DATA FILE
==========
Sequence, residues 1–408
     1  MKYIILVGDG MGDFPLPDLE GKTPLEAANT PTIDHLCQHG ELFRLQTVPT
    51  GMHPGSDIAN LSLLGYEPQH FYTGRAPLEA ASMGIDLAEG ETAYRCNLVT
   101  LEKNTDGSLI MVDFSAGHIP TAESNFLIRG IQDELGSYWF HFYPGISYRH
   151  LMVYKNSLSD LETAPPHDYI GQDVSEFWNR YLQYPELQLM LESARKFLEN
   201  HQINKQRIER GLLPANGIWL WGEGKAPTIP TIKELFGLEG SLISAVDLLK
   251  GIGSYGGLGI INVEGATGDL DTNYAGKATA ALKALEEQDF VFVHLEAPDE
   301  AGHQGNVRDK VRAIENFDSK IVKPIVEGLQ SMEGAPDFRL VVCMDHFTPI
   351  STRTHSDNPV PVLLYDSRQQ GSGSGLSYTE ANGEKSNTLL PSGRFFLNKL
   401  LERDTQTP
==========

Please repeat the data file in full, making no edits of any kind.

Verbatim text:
Sequence, residues 1–408
     1  MKYIILVGDG MGDFPLPDLE GKTPLEAANT PTIDHLCQHG ELFRLQTVPT
    51  GMHPGSDIAN LSLLGYEPQH FYTGRAPLEA ASMGIDLAEG ETAYRCNLVT
   101  LEKNTDGSLI MVDFSAGHIP TAESNFLIRG IQDELGSYWF HFYPGISYRH
   151  LMVYKNSLSD LETAPPHDYI GQDVSEFWNR YLQYPELQLM LESARKFLEN
   201  HQINKQRIER GLLPANGIWL WGEGKAPTIP TIKELFGLEG SLISAVDLLK
   251  GIGSYGGLGI INVEGATGDL DTNYAGKATA ALKALEEQDF VFVHLEAPDE
   301  AGHQGNVRDK VRAIENFDSK IVKPIVEGLQ SMEGAPDFRL VVCMDHFTPI
   351  STRTHSDNPV PVLLYDSRQQ GSGSGLSYTE ANGEKSNTLL PSGRFFLNKL
   401  LERDTQTP